City Hall Conservative members have launched an investigation into the consultation process for Sadiq Khan’s proposal to expand the ULEZ zone from August of next year.
A Telegraph report last week suggested two thirds of Londoners were against expanding the zone but that this number had allegedly been reduced to 59% in the consultation when some responses were screened out due to suspicion they were duplicates or not genuine replies.
The article, published on Friday, suggested that the removal of one-click responses to the proposal had overwhelmingly affected those opposed to the expansion of the ULEZ zone.
And it comes after Lewisham East Labour MP, Janet Daby, accused motorist groups earlier this month of using “dirty tricks” to sway the consultation process in favour of their members.
Nick Rogers, the City Hall Conservatives transport spokesperson, said: “Londoners will be shocked by the Telegraph’s revelations on the ULEZ expansion consultation.
“Sadiq Khan must reassure them by confirming he will now scrap the ULEZ expansion and address the serious integrity concerns raised by the investigation.”
In a letter to the mayor, Mr Rogers alleged: “Whistleblowers have approached Conservative assembly members and said that TfL has filtered responses in a way that disproportionately lowers the opposition count.
“I should also remind you that many people outside London are affected by the ULEZ expansion, and that the TfL consultation is required to capture their views as well.
“For example, they may regularly visit family, or they might run a small business that relies on customers from within London driving to them.”
He has demanded an urgent meeting with Mr Khan while the Conservative group say they have submitted nine Freedom of Information (FoI) requests relating to the matter.
But a spokesperson for the mayor insisted: “Any suggestions that TfL sought to influence the results of this consultation are categorically untrue and demonstrate a fundamental misunderstanding of how consultation analyses work.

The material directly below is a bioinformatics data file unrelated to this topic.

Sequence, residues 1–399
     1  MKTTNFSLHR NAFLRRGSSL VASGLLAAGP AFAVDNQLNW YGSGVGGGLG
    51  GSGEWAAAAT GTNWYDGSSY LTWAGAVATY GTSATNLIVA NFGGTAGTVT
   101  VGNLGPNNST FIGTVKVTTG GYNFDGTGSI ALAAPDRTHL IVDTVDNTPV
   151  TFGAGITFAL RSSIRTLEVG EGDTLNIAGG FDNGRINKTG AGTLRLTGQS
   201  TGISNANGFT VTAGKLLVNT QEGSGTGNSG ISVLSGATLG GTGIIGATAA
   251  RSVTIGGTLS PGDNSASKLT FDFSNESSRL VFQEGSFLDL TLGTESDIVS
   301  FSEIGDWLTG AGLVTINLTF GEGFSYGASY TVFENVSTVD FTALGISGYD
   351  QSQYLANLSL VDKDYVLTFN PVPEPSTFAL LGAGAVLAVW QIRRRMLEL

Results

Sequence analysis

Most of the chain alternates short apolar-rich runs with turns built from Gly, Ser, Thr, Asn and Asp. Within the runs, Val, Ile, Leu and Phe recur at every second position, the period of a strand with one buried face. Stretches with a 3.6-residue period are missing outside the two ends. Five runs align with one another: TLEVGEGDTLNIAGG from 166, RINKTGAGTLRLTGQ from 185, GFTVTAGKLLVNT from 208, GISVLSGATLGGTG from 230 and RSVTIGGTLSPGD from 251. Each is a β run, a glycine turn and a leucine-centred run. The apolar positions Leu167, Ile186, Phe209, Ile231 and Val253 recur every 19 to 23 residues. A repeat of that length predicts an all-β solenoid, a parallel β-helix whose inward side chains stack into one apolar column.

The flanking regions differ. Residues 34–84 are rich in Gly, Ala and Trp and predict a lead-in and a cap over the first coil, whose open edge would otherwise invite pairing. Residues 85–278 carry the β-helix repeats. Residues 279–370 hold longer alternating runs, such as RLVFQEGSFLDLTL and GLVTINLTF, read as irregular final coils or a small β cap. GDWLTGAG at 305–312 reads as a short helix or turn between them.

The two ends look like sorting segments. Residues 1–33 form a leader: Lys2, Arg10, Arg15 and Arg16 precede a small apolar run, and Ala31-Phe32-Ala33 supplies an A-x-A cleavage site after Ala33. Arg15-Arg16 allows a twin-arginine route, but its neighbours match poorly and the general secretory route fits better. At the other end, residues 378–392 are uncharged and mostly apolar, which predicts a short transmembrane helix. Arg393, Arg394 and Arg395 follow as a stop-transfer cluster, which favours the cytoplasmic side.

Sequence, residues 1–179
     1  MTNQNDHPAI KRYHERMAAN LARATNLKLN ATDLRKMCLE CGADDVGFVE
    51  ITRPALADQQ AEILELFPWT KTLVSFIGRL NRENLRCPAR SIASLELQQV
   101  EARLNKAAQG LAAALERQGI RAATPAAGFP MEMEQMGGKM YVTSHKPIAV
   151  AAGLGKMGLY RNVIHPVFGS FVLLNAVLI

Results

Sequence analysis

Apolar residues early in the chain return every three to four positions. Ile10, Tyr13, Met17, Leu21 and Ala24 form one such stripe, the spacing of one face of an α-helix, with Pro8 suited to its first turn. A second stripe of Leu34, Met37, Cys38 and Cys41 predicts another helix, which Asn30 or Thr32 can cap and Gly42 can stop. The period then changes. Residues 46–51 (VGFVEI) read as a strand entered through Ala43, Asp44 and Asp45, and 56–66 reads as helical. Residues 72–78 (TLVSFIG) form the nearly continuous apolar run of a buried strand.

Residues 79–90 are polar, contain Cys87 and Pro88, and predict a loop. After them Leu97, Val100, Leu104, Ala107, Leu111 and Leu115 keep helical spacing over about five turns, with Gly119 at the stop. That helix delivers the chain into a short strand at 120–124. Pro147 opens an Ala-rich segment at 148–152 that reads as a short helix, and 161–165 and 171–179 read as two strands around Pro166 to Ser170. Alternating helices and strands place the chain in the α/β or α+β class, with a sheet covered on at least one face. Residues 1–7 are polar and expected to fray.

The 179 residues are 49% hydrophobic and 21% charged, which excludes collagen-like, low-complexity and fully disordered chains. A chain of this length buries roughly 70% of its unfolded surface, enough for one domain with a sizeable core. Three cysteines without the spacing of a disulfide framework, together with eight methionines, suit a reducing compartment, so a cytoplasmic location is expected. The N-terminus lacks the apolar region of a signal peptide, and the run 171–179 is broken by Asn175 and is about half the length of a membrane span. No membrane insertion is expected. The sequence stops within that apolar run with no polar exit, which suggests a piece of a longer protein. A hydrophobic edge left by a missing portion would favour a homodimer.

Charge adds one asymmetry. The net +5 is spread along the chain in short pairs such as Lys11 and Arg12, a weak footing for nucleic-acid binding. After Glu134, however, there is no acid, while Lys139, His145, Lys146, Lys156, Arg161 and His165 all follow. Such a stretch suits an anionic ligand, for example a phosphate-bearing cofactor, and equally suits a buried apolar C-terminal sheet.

“Independent consultation analysis is ongoing and a full consultation report will be published in due course.”
It is believed both numbers would reach Khan’s threshold for “overwhelming” opposition from the public that would be sufficient to stop the ULEZ expansion from proceeding.
The measure would cost £250m for installing new cameras, signage and infrastructure to police the zone - with critics arguing it would have a negligible effect on air quality in London.
Critics claim most cars within the zone meet pollution rules - with those that don’t mostly from small business owners and low income households.
And the £12.50 per day charge to use one of these vehicles in this area would be seen as a further blow in the wider cost of living crisis.
TfL was required to consult on the planned expansion to secure the network’s financial settlement with the government, meaning an improper process could breach the terms.
Nick Rogers, assembly member for south west London, added: “Sadiq Khan’s ULEZ expansion would have had a negligible effect on air quality, but would have been devastating for small businesses and low income families.
“I am not surprised that an overwhelming 66% voted against his cost of living charge, which will force him to drop the policy.
A spokesman for TfL told the Telegraph: “We take our responsibility to run robust and legally compliant consultations extremely seriously.
"We are using an independent third party to analyse every consultation response we have received, a process that is still ongoing.
"The results will help to shape any scheme that is taken forward.
“When finalised we will publish a full report that will set out our response to the issues raised by those that took part.”
And the mayor’s spokesperson added: “The mayor is proud of tackling the capital’s toxic air, which currently leads to 4,000 Londoners dying early every year and millions more suffering from asthma and other respiratory illnesses.
“It’s clear this has been the focus of a coordinated campaign of opposition by drivers’ groups such as Fair Fuel UK, including from thousands of people who do not live or work in London.
“It’s important that the views of all Londoners are taken into account as we move forward.
“Four million Londoners are now breathing cleaner air thanks to the expansion of the ULEZ last autumn.
“An estimated five million more living in outer London are expected to benefit if the ULEZ is expanded London-wide.”
Howard Cox, founder of FairFuelUK, claimed TfL had been instructed to exclude 5,000 emails from drivers opposed to ULEZ expansion.
Mr Cox: “With or without my help, 66 per cent don’t want ULEZ to be expanded in London.
“Any manipulation of the consultation result by Khan’s cohorts will be met with a significant legal response."